It’s beginning to look a lot like testing season here in Michigan. State-testing begins next month for Michigan’s public school students. This a parent’s guide to M-STEP testing from a teacher’s perspective.
The M-STEP tests are our yearly state-wide assessment in Michigan that measures how well a child has mastered the common core standards at their grade level. Essentially, the M-STEP is the old MEAP tests you may remember taking if you were in the public system in Michigan.
When does M-STEP testing begin?
Children in grades 3-11 will be given some form of a state assessment. The window for M-STEP testing begins in April and ends in June. The state dictates when each test will be given for each subject and for each grade level. Essentially, tying up a schools technology for the remainder of the school year.
What subjects are covered?
It truly depends on the child’s grade level. Children are “required” to be tested over English-Language Arts which covers Reading, writing, listening, and research. In grades 5 and 8, there are two parts to the test. There is the computer test and a performance task. Grades 3,4,6, and 7 have just the computer test.
This test is a computer adaptive* test given at grade level. It’s key that you as parents understand this test is NOT given at your child’s individual reading level, but at their grade level. So if your child struggles with reading, this test will be an extra challenge for them. There is ZERO assistance from the teacher. They cannot help the child in anyway. No reading words, very limited help on student questions, and no defining words they don’t understand. Yes, accommodations can be given if they have a 504 Plan OR an IEP, but I will explain more about those later.
*A computer adaptive test will adapt to each individual child’s level. For example, if a child gets so many right, the questions will get harder and the opposite happens if they miss them. The test questions will get easier. Please don’t miss understand this though… the test questions regardless of level will still ONLY remain inside the child’s GRADE level. It will not adapt beyond grade level for children who excel and it will not come down grade levels for children who may be working below their grade level. It still is NOT a true representation of a child’s knowledge.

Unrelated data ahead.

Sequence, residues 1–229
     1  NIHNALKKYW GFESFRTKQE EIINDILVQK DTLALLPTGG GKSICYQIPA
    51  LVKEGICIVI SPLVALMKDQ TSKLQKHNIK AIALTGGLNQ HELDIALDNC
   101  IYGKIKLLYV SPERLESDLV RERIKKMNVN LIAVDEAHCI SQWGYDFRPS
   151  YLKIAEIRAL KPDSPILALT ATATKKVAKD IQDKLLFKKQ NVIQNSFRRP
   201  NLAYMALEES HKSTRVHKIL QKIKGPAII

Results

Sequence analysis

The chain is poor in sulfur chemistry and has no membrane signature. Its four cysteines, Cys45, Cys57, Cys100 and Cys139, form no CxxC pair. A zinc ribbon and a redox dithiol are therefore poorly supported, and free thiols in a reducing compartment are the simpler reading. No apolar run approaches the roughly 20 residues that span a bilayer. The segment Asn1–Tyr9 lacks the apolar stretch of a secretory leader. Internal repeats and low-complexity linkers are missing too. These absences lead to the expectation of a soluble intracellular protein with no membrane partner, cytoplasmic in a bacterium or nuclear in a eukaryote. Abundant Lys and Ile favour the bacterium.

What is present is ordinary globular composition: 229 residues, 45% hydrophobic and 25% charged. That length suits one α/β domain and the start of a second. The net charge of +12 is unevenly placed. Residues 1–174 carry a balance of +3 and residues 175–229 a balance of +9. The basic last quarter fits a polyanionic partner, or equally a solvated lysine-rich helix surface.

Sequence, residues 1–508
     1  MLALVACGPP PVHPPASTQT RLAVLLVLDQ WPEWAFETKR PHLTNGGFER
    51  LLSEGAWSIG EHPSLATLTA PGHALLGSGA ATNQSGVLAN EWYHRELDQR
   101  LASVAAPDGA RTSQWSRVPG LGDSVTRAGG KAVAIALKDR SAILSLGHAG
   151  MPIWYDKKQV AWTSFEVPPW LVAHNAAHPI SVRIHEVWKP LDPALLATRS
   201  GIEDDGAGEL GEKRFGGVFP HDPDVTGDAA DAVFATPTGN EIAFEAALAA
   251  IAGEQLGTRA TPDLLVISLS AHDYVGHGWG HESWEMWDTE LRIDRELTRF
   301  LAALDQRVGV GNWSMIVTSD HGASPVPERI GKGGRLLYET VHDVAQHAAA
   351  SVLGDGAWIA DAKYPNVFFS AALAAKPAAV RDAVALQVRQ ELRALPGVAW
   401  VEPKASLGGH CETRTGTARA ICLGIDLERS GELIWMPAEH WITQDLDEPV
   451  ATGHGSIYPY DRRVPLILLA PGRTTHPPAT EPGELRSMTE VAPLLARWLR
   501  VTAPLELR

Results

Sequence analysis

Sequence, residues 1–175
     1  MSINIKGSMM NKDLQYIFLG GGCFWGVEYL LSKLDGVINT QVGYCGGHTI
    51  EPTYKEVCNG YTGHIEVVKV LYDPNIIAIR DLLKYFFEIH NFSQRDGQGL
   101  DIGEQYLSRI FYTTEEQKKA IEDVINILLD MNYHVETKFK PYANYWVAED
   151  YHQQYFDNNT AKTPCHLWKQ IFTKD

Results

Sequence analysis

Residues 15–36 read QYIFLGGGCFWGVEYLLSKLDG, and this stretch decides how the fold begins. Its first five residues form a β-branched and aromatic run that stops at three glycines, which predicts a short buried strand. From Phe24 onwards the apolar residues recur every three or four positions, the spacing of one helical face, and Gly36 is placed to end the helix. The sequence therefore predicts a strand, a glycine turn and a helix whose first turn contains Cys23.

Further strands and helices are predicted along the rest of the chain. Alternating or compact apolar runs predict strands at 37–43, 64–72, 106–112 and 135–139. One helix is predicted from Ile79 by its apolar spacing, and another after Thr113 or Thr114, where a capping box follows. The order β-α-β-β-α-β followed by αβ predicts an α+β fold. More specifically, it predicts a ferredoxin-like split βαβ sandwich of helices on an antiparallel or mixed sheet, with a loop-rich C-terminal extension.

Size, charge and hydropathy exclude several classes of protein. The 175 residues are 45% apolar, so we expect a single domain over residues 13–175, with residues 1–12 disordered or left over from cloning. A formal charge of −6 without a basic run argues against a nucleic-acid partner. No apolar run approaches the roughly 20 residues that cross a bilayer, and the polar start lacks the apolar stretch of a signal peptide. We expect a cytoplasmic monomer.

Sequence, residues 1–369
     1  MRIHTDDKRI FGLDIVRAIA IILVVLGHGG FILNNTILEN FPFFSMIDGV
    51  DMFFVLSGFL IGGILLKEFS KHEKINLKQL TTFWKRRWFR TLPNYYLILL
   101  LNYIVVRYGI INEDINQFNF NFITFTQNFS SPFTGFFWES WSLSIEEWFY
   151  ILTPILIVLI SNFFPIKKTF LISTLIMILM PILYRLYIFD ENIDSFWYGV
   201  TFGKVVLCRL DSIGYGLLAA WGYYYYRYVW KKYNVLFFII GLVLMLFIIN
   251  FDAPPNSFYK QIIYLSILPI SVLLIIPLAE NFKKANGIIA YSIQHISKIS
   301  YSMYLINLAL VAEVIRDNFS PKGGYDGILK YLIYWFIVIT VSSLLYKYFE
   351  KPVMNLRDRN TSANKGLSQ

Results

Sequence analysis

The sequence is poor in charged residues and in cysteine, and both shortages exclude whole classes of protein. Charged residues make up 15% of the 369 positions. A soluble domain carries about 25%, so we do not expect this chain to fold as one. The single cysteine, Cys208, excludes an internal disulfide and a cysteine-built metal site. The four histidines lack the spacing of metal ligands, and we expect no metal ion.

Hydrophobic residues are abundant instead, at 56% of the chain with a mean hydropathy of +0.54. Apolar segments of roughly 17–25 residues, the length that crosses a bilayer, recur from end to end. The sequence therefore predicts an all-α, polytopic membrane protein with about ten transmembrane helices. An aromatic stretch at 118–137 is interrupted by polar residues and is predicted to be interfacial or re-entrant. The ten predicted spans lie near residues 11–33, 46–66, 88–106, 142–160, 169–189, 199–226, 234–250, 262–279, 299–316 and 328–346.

Children are also tested over math in grades 3-8 and it also is a Computer Adaptive test. It also contains a performance task on the computer which means children are asked to preform a question in order to show what they know. For example: children could be given a number problem and then they need to drag the correct number from a number box and insert it into the problem.
Science tests which are simply online multiple choice questions are given 4th and 7th grades. Social studies are also online multiple choice questions are given in 5th and 8th grades.
Who takes the M-Step?
M-STEP testing is required for students in grades 3-8th grades in public and public charter schools take the tests every spring. Non-public schools can elect to take the M-Step test, so this includes any private schools. Homeschool parents can also elect to take the test, but I’m honestly not sure why you would. I gathered this info from here.
What about High School students?
9th and 10th grade students take the P-Stats and 11th grade students take the MME which includes the SAT and M-STEP math and English Language Arts. To be honest, I don’t have a lot of info on these tests because I have no previous experience at the high school level.
What about Test Results?
First let’s begin by who scores the tests. Well, that seems to be a mystery at least to me. Michigan’s Department of Education’s website offers no links and after a quick google search the only info I seem to be finding is info about how schools preformed on the test. Hmmmm… interesting?
Is it the computer scores the test? If so, who is in charge of double checking the computer is scoring accurately? If not, then who? I know some test companies hire people specifically to score tests because I’ve actually personally have applied for these type of jobs since being home as well as have seen the ad on job search websites. If you have found info on this, drop the link in comments. Personally, as a parent I’d like to do more research on this. As a teacher, we were never actually told, but I do remember having to tell my students to remember they don’t who would be scoring their writing, so be detailed as possible.